Lost In The Shuffle: Simon F!

In hindsight, Simon F's career seems to be the yin to Billy Idol's yang. Billy was blonde (bottle blonde, but still), Simon's hair was black, both singer's original band had been signed to Chrysalis when they imploded and tracks originally released by their respecftive bands - Billy's Generation X and Simon's Intaferon - waere then re-packaged for their official solo debuts. Billy co-opted "Dancing With Myself" and "The Untouchables" from the last Gen X record Kiss Me Deadly while Simon took "Baby Pain" for himself.

Of course, my first experience was Simon F was at the long-gone Poplar Creek concert venue in Schaumburg. Jeans West had run a promotion where anyone who bought a pair of jeans got free tickets to see Cheap Trick. We drove in from Michigan to see the show and had not heard any mention of an opening act.

Being exposed to opening acts you wouldn't have otherwise given the time of day was half the fun of going to concerts back then. With Cheap Trick, though, they had fallen into a nasty rut of treating fans to all sorts of hair metal acts. Unfortunately, hockey rinks are horrible places to see a band, metal bands especially.

As this was my first outdoor Trick gig, I didn't expect the acoustics to be much better, but maybe whoever warmed up would at least be visually entertaining.

A lone spotlight shot through the night illuminating a lone mic stand at center stage, as all crowds tend to do, they began shouting "Cheap Trick! Cheap Trick! Cheap Trick!"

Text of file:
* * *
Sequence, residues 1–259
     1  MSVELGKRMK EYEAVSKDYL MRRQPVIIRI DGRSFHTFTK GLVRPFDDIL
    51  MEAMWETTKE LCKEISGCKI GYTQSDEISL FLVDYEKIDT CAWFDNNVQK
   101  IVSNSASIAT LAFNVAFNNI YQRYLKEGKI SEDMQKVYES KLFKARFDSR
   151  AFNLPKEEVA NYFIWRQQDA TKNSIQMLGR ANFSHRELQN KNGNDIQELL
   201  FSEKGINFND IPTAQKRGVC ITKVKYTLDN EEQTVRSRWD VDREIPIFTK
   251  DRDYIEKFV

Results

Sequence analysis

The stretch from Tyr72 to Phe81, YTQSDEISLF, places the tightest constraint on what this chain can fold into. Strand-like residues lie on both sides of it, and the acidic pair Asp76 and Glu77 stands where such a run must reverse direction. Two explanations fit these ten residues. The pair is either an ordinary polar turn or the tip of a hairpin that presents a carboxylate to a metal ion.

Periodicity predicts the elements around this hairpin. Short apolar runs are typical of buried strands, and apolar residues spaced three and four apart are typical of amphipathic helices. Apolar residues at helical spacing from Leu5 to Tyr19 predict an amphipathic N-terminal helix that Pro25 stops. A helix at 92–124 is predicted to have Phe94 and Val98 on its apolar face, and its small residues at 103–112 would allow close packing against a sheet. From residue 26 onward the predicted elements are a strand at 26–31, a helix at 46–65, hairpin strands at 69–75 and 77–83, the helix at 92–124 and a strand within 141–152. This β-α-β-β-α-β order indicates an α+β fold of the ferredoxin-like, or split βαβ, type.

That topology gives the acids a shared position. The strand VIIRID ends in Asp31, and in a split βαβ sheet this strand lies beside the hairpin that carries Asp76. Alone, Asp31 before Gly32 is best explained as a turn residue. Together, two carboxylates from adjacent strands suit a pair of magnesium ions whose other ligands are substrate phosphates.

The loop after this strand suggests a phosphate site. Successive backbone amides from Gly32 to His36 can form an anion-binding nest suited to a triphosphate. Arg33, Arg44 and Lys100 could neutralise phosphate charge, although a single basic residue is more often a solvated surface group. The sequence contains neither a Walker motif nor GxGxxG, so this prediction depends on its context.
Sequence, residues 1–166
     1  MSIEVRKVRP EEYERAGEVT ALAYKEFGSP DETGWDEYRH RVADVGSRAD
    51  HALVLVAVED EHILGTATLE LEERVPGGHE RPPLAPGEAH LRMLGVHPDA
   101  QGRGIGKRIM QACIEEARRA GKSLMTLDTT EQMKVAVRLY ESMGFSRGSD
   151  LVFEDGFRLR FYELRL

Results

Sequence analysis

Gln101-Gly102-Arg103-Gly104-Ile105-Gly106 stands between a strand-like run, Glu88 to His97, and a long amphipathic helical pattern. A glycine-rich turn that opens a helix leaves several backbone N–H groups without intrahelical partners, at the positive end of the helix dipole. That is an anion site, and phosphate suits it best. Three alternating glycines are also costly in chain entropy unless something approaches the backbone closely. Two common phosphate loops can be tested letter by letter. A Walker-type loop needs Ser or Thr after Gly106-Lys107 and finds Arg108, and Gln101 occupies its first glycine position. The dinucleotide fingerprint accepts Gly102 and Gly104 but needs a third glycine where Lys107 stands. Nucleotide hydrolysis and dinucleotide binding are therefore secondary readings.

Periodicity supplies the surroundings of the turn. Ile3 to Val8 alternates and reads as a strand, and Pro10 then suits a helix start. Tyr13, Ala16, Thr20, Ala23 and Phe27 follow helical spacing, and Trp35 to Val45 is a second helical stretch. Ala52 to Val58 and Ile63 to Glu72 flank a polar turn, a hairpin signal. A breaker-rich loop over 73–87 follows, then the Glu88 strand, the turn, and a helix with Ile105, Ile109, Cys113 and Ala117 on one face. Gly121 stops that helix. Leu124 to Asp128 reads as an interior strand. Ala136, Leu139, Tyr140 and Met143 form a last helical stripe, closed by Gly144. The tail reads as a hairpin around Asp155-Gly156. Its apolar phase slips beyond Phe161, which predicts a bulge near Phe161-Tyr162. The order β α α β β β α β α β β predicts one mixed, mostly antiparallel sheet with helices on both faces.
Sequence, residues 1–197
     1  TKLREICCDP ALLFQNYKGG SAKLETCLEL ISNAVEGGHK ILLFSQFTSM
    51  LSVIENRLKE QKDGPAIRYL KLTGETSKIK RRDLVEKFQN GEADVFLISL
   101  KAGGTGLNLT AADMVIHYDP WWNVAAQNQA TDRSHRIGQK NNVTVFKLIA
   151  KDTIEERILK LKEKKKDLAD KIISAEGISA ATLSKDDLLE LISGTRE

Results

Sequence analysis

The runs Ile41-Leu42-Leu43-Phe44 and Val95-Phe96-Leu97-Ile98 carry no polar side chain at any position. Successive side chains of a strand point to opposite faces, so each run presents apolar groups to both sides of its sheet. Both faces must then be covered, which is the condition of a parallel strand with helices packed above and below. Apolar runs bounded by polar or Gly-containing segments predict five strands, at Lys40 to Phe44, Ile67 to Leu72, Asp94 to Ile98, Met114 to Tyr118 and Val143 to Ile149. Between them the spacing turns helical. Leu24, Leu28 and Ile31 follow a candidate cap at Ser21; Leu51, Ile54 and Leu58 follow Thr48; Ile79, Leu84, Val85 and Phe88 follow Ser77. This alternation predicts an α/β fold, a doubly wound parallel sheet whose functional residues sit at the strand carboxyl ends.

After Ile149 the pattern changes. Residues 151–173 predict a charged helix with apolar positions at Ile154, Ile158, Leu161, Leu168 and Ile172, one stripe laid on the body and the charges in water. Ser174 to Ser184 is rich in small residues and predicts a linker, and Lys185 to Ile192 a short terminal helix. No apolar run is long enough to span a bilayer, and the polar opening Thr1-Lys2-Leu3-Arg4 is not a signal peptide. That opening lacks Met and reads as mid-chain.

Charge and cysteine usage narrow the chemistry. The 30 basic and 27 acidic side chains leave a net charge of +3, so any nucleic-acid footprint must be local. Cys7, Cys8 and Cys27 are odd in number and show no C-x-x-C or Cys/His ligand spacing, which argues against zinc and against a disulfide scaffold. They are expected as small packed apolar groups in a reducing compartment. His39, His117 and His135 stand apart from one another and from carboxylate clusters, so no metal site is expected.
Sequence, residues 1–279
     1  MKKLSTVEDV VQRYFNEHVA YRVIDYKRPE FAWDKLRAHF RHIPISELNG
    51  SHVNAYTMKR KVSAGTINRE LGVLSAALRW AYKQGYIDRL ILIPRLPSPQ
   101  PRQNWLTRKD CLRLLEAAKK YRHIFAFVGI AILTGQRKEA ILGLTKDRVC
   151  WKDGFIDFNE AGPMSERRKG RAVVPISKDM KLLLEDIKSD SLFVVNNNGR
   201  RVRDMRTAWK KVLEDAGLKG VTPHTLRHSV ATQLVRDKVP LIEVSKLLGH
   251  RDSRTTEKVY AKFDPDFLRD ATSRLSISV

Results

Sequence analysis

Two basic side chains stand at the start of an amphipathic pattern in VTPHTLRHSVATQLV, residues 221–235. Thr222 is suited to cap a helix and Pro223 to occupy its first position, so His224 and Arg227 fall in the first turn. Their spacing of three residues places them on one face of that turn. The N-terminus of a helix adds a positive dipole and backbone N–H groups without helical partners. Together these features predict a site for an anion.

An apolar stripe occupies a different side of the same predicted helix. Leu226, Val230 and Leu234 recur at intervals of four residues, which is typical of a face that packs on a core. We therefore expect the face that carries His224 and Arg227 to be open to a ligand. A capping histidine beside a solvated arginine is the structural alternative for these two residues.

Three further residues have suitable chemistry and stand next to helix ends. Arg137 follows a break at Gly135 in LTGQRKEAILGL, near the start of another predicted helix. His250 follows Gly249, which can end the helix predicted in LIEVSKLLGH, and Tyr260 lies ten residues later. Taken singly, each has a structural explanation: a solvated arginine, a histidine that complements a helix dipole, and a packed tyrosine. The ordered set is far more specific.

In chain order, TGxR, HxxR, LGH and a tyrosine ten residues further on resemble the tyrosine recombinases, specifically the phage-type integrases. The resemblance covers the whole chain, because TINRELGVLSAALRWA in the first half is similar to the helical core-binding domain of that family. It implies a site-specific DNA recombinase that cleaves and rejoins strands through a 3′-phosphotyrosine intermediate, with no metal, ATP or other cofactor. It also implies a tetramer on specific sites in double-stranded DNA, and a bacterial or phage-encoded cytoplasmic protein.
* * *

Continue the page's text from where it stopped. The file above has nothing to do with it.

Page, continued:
A dark figure took the mic and stated quite emphatically, "FUCK. YOU!" and then his band began playing what I quickly recognized to be a heavily-programmed version of the Hoodoo Gurus' "I Want You Back"?

Thing was, it was hard to pay attention to the music for all the trash that was raining down on Simon and his band. It seems that good sense flew out the door along with every cup of beer and pizza box anyone had been holding. And it didn't stop for the whole entire set, which thankfully only lasted about 25 minutes before Simon literally fled for his life.

I'd been to my fair share of concerts, but I had never seen anything like Simon's nihilistic tangle with the audience. As a rocker myself, we had opened for a few big names by then, but had never thought of being openly hostile to anyone.

I completely hated the set and said so after the show to my girlfriend who echoed my sentiments, but over the next few days I couldn't get a couple of his songs out of my head.


I went out and bought the album and ended up playing it a heck of a lot more than the album Cheap Trick had been promoting (Standing On The Edge).

Of course, as is the case with most bands I begin digging, Simon F was dropped and completely off the radar for three years. By 1987, I was a DJ in a redneck bar in Michigan trying to get the locals to dance to stuff that wasn't so damn predictable (I love "Legs" and "You Dropped A Bomb On Me" as much as anyone, but five times a night?)  Every week, we'd get a new shipment of the latest music videos from all the major labels and Simon F's name appeared on the Reprise tapes.

The song was "New York Girl", which I immediately played for my own curiosity before it got too busy and was surprised to see the dance floor fill up with lovely ladies.

I can't say what other regional markets Simon F may penetrated, but if he'd shown up in Decatur, Michigan in 1987, drinks would have been on the house all night, every night.

Superior St. Rehearsal Facility

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